Understanding the Bloodbath in Goshen
Gang violence is rampant in the Central Valley. Three of its counties had the highest homicide rates in California as of 2021, with Tulare County ranking third.
When members of four generations of a family, including a 10-month-old baby, were killed in an execution-style last month in the small town of Goshen, Tulare County, even officials regularly called to investigate homicides were shocked. Locals said they were used to gang violence but that the gruesome nature of this attack was particularly worrying.
“It feels different,” Diego Velasquez, 18, a high school student who lives near Goshen, told the New York Times. “We’re watching the cameras in our house.”
Two men suspected of the murders were arrested on Friday. Law enforcement officials said they would continue to investigate the crime as the motives behind it are not yet entirely clear. The Tulare County Sheriff is also asking Gov. Gavin Newsom to lift a moratorium on the death penalty he imposed in 2019.
I spoke to Miriam Jordan, a reporter for The Times in Los Angeles who follows the killings closely. She spent some time in Goshen after the massacre and spoke to me about what she had learned about the attack, community and gang proliferation in the Central Valley.
Here’s our conversation, edited slightly for clarity and length:
What did we learn from Friday’s arrests? And what do we not know about this case yet?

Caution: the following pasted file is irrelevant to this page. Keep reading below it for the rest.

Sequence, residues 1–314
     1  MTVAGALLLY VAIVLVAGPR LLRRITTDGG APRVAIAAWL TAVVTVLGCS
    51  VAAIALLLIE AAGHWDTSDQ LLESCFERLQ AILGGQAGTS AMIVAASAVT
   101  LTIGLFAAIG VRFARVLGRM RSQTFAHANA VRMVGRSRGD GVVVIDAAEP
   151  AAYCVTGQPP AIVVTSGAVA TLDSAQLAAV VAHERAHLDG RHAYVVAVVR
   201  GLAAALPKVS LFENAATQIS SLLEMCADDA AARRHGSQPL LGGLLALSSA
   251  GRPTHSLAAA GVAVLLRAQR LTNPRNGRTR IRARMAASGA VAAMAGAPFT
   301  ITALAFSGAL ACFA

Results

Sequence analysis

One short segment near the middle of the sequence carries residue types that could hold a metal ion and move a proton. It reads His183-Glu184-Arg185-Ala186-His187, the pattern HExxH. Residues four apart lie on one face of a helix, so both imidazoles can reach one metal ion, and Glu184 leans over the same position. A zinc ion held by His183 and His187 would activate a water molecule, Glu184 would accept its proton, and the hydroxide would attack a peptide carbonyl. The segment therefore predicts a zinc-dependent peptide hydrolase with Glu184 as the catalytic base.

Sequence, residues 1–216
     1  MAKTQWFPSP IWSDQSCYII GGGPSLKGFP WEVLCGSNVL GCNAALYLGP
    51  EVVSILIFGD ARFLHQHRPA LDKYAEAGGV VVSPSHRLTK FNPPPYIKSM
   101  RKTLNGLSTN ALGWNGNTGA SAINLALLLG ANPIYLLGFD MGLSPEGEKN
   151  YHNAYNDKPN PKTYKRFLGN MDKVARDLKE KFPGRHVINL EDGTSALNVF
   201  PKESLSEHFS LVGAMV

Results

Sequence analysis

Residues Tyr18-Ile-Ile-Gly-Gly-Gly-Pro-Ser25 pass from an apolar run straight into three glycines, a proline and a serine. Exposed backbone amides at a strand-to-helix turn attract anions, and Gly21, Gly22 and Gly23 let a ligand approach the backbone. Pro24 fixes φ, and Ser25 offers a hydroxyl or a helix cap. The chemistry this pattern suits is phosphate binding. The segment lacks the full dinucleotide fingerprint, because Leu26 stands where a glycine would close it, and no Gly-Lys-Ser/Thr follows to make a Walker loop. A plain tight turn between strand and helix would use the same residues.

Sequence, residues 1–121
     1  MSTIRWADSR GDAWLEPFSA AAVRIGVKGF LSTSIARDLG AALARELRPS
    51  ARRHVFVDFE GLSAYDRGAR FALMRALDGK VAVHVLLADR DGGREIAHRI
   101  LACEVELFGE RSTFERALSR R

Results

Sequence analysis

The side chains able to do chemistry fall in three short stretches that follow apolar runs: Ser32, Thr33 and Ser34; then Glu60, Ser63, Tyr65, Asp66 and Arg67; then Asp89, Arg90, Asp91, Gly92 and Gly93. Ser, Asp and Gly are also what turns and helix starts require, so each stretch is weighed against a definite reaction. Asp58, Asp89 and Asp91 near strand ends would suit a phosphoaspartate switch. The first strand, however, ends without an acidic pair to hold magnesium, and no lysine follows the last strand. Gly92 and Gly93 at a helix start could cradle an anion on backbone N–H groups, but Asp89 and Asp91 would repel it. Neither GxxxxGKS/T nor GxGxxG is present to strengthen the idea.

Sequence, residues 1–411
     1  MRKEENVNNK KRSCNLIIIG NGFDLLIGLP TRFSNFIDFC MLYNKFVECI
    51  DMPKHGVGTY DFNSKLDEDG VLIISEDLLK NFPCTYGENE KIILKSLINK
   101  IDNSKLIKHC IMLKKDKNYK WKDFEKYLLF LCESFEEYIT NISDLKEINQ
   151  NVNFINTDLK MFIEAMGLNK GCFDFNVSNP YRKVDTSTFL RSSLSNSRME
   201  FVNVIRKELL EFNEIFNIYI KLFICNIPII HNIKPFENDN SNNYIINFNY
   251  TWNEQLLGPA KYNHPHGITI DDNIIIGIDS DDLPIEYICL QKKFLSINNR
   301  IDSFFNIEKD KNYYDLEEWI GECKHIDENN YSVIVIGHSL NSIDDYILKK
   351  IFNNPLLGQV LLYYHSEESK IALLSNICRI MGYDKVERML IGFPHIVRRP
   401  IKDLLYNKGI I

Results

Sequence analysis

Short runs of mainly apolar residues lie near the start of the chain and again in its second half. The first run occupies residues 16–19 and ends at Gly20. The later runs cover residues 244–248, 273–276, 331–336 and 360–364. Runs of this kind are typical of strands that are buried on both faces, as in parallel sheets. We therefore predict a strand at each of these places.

According to the sheriff, two members of the Norteños were the perpetrators. They broke into this house and pursued the man allegedly involved in gang activity, killed him and then proceeded to rampage killing everyone else in sight.
The motive for the killing is not yet entirely clear. But it seems like there was some sort of dispute between Norteños and at least one member of that household who was a member of Sureños. It is not clear if a gang has crossed territory or if a gang is attempting to gain control of all territory. We just don’t know for sure yet.
Part of what seemed to shock people about this crime was that it happened in Goshen, a San Joaquin Valley town of 5,000 people. I think there’s a perception that gangs only exist in big cities.
In the minds of the American public, gangs are a thing of urban enclaves, not small rural towns. That was one thing that got me there – something you wouldn’t think would happen in a small town.
But for some time now, gangs and Mexican cartels have been moving into rural America to expand their drug markets, recruit new members and avoid detection by the authorities.
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There’s a good reason for this: people and drugs are easier to hide in sparsely populated areas. These rural Central Valley communities often border State Route 99 and I-5, which are major drug trafficking routes as they run south to north, from Mexico to Washington state and on to Canada. And then drugs are just as in demand in the country as in big cities.
You’ve described Goshen as a gloomy town with little going on, with a few fields and warehouses along Route 99. I imagine the proliferation of gangs there must have an economic factor.
These are impoverished communities where unemployment is high. If there are jobs, it’s poorly paid field and warehouse work. Some people take this route to earn a living through drug trafficking.